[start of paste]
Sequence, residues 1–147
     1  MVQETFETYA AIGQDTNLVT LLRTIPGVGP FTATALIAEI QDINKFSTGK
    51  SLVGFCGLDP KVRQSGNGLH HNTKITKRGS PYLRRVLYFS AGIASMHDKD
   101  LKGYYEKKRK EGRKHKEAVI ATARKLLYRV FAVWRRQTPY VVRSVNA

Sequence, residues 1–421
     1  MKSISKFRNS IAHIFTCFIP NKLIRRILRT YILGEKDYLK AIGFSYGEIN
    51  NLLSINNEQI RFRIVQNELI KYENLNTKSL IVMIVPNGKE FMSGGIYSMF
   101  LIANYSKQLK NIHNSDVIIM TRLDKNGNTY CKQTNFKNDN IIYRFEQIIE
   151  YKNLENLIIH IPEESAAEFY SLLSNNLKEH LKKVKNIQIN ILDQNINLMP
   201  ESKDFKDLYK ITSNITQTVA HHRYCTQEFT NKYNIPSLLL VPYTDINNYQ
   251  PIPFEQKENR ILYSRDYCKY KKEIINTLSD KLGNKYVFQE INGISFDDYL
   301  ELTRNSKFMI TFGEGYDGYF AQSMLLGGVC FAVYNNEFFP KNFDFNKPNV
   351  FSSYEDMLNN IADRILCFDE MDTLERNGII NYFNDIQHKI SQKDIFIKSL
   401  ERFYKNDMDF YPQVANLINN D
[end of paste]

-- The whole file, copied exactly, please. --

Sequence, residues 1–147
     1  MVQETFETYA AIGQDTNLVT LLRTIPGVGP FTATALIAEI QDINKFSTGK
    51  SLVGFCGLDP KVRQSGNGLH HNTKITKRGS PYLRRVLYFS AGIASMHDKD
   101  LKGYYEKKRK EGRKHKEAVI ATARKLLYRV FAVWRRQTPY VVRSVNA

Sequence, residues 1–421
     1  MKSISKFRNS IAHIFTCFIP NKLIRRILRT YILGEKDYLK AIGFSYGEIN
    51  NLLSINNEQI RFRIVQNELI KYENLNTKSL IVMIVPNGKE FMSGGIYSMF
   101  LIANYSKQLK NIHNSDVIIM TRLDKNGNTY CKQTNFKNDN IIYRFEQIIE
   151  YKNLENLIIH IPEESAAEFY SLLSNNLKEH LKKVKNIQIN ILDQNINLMP
   201  ESKDFKDLYK ITSNITQTVA HHRYCTQEFT NKYNIPSLLL VPYTDINNYQ
   251  PIPFEQKENR ILYSRDYCKY KKEIINTLSD KLGNKYVFQE INGISFDDYL
   301  ELTRNSKFMI TFGEGYDGYF AQSMLLGGVC FAVYNNEFFP KNFDFNKPNV
   351  FSSYEDMLNN IADRILCFDE MDTLERNGII NYFNDIQHKI SQKDIFIKSL
   401  ERFYKNDMDF YPQVANLINN D